I recently took the first step of what I am certain will be a never-ending process and cleaned out the stockpile closet. In some ways, I’m a bit like an alcoholic. I may stop binge drinking but the challenge remains under the surface with the ability to creep back up at any moment.
How on earth did I ever have all of those items squeezed into a tiny hallway closet?
Once I dragged all of the items out to the hallway floor to start with a bare closet, that question monopolized my thinking. I dumped an entire trash bag full of items I reluctantly convinced myself I would never need.and still had a challenge getting all of the remaining items back in the same space in an organized fashion.
As I sweep through the clutter of our home I aim to reflect on the “key takeaways” of the experience. At the conclusion of the first project there were two.
First, most of the trash bag was filled with items that people had gifted to me over the years. I certainly appreciated the kind, generous gestures behind those items and many of the gifts had sat in the closet, unwrapped but unopened and unused for years. I had held on to them because as Dierks Bentley says, “I Hold On”, and those gifts had somehow represented the people who gave them. I was wrong about that but still felt a twinge of pain when I tossed something someone I cared about had given me even it the fit wasn’t quite right.
Related to those gifts I had never used the clean out experience also forced me to think about the kinds of gifts that I give to people and the importance of utility. Think experiences rather than things.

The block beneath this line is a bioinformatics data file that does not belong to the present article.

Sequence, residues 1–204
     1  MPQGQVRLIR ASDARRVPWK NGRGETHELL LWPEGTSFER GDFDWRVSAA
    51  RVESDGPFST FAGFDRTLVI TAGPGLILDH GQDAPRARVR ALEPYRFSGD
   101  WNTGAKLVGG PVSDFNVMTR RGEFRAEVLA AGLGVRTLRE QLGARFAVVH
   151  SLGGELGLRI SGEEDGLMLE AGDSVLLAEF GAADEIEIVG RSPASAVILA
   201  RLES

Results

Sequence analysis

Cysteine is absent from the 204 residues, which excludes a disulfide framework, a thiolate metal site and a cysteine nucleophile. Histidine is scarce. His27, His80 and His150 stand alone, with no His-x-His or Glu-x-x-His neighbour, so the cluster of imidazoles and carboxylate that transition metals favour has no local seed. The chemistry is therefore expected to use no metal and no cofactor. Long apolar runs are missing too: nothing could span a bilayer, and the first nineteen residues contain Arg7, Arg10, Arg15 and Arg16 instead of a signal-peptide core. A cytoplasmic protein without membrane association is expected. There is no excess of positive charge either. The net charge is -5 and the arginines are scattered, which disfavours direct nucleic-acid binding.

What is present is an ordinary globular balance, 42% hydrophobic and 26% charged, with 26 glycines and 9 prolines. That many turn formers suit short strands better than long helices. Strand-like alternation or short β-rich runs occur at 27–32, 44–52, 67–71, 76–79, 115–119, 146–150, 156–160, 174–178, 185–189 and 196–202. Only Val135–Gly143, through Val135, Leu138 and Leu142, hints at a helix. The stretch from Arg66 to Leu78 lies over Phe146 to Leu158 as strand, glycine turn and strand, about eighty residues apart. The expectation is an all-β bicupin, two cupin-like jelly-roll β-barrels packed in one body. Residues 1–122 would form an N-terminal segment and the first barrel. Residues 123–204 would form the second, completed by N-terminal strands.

And the second key take away was that getting the job done – spending a few hours on a Saturday morning to knock it out – felt good. Yes, I had a slow start and when I looked around at all of those items surrounding me in the hallway floor I wanted to throw in the towel. (And as an aside, I did toss out a kitchen towel that had been hidden in the closet but didn’t really “go” in our kitchen.)
I stumbled for a few minutes while cleaning thinking that I wouldn’t be able to get the job completed properly without the right “tools”. What if I had a plastic crate for this set and a closed container for these? I did take a quick breeze through the house and found a few containers to use to keep things together in the closet but in the end I am not sure that that was not an initial mental excuse for the situation. If I needed to go to the store to buy things to organize, I could put the work off – maybe indefinitely. So I had to push through that inclination.
Getting all of those boxes and bottles organized by “like things” brought me genuine pleasure and some sort of sense of relief. The stockpile can now return to its purpose of supporting a busy lifestyle without being a messy burden and one more thing that needs to get accomplished.
The truth is since completing the closet “declutter” I’ve stopped a few times walking by to open the door, look in, and check things out from top to bottom. I wish the door to the rest of my life felt as peaceful!